Although high cholesterol is generally considered a risk factor for dementia, new studies reveal conflicting results. One study suggests that a high cholesterol level in older people may actually reduce dementia risk
To understand the link between cholesterol and dementia, the authors analyzed data from 392 men and women, all 70-year-old residents of Göteborg, Sweden.
At the start of the research and in follow-up visits over an 18-year period, participants had a series of assessments performed, including a physical, an EKG, a chest X-ray, a battery of blood tests and a neuropsychiatric examination. At ages 85 and 88, testing also included an interview and a CT scan.
Participants who died or did not participate in the follow-up exams were traced through health records, the nation's hospital system or death certificates. In this way, the authors were able to obtain data for all of the individuals in the study.
Of the 392 original participants, 10 had dementia at the first assessment and were excluded from the study. Of the remaining 382 participants, 93 went on to develop dementia.
The study found high total cholesterol levels at ages 70 and 75 were associated with a reduced risk of dementia between ages 75 and 79. Higher levels at 70, 75 and 79 were associated with a reduced risk of dementia between ages 79 and 88.
Theories Suggested, Questions Remain
One possible explanation, the study's US and Swedish authors speculate, is that high cholesterol plays a protective role against dementia in the elderly. Another theory is that high cholesterol could be a marker for those older people who are more robust and somehow less vulnerable to cholesterol's adverse effects, they say.
"These findings raise more questions than they give answers," says study author Michelle M. Mielke, a researcher with the Center on Aging and Health at Johns Hopkins Bloomberg School of Public Health.
"On the one hand, finding that high cholesterol in the elderly is protective for dementia would be a big step forward in finding ways to prevent or delay the onset of the disease, as well as identifying new potential mechanisms underlying the pathology," she notes.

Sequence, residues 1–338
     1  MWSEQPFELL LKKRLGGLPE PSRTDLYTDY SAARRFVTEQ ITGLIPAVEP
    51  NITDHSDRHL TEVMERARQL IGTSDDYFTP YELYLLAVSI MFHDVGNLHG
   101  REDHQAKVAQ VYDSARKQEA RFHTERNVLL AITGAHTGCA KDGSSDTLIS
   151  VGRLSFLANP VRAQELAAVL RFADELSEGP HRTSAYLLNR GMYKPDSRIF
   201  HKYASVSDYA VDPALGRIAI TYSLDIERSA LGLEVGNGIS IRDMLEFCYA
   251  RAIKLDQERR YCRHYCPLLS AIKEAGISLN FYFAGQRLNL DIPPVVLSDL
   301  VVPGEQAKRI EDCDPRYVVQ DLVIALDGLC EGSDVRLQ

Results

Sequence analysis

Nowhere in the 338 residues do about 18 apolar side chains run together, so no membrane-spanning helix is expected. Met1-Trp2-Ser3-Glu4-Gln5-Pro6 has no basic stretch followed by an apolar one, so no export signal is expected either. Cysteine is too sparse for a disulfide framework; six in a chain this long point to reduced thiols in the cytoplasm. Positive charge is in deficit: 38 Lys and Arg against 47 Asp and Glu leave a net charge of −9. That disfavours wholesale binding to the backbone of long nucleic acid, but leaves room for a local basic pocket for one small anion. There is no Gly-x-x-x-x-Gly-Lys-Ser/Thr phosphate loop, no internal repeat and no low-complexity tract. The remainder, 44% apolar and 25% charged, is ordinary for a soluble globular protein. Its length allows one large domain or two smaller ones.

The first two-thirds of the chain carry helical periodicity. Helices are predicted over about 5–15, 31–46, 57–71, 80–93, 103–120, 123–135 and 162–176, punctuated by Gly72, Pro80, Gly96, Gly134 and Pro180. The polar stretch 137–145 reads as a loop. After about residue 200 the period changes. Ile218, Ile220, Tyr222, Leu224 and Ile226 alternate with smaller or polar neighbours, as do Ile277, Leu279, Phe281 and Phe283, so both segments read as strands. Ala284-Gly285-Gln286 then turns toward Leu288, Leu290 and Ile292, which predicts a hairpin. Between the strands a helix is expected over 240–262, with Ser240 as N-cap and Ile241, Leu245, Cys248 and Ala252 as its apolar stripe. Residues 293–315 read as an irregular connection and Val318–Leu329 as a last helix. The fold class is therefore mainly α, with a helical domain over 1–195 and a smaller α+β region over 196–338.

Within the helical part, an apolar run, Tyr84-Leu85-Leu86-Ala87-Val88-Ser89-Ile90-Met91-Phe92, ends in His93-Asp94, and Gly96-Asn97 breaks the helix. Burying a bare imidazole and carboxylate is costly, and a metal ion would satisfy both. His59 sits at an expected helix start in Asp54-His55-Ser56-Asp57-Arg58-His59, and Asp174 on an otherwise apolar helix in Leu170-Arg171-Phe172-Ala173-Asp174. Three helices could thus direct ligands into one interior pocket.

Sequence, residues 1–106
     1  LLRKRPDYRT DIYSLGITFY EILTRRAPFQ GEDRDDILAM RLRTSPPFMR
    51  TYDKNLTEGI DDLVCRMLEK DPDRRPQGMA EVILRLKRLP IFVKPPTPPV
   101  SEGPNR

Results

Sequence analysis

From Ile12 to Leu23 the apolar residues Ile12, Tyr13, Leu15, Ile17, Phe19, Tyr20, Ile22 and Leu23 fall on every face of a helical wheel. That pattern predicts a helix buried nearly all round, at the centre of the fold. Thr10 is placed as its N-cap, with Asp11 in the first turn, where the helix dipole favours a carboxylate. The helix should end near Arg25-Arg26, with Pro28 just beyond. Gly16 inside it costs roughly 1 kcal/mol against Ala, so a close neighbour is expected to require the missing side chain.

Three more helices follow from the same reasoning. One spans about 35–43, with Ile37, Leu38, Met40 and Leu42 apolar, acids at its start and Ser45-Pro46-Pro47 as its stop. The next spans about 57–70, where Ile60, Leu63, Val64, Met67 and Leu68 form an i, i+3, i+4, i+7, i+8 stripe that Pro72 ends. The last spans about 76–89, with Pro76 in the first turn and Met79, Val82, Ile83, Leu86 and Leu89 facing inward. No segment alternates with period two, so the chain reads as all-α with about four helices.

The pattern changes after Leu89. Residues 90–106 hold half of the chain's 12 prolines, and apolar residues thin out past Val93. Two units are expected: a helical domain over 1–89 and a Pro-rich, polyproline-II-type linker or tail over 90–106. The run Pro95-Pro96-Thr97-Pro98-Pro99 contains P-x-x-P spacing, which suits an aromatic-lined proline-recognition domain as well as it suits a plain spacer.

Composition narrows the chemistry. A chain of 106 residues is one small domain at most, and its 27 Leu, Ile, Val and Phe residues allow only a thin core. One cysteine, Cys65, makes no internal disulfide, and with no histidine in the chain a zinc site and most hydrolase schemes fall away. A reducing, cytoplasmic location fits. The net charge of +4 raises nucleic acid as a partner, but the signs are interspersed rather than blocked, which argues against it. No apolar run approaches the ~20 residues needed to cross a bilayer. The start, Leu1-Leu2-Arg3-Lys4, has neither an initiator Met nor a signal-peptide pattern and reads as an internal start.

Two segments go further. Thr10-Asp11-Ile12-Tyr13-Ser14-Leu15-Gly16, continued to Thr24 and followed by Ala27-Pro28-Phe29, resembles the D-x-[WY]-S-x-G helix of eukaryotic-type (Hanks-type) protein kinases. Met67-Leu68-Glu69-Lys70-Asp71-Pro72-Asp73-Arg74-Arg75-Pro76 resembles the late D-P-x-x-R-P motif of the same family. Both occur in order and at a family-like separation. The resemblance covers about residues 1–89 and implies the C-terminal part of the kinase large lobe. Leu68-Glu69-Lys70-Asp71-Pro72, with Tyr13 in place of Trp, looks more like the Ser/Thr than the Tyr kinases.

"On the other hand, if high cholesterol is a marker of robustness in old age, this finding could help us identify what makes these individuals [less vulnerable) to developing dementia and other illnesses."
Rachel Whitmer, a research scientist at Kaiser Permanente Northern California, who specializes in cognitive aging, agrees. "Lingering questions were not put to rest (by the new study), but new exciting ones were raised."
The study is unique because cholesterol was measured several times during the aging process, not simply at a single point in time, she notes. "This study is another example of the importance of timing in terms of when one measures a risk factor, and the need to consider risk factors for dementia over the entire life course, Whitmer says.
The authors note that the study supports this assessment, showing that the relationship between cholesterol and dementia may vary considerably depending on when it is measured in a person's life or in the course of the disease.
How Cholesterol Works
Cholesterol is essential for many physiologic functions, including proper brain functioning and maintaining cell membranes. Almost everyone makes enough cholesterol to meet these needs, so more is not needed in the diet.
However, according to Mielke, the metabolic processes involved are different in elderly people. Studies suggest low cholesterol may be detrimental to aging cells.
"It is becoming more and more apparent that we cannot rely on simple answers-for example, that high cholesterol is always bad and low cholesterol is always good," Mielke explains.
How to Keep Your Mind Sharp
A change of pace is as good as a nap for keeping the mind sharp. Overdoing a task could lead to a reduced performance—but a change of pace can restore it.
Example: A group of people was asked to do a challenging mental task in four sessions throughout the day, from 9 am to 7 pm. By day's end, their performance had declined by as much as 50%. When allowed to have an hour's nap in the afternoon, their higher performance levels were restored.
Next: Rather than a nap, the subjects were given a different challenging mental task to do at the final session. Their performance on this task was as good as it had been when they performed the original task at the first session in the morning.
Lesson: Give yourself some kind of break during the day.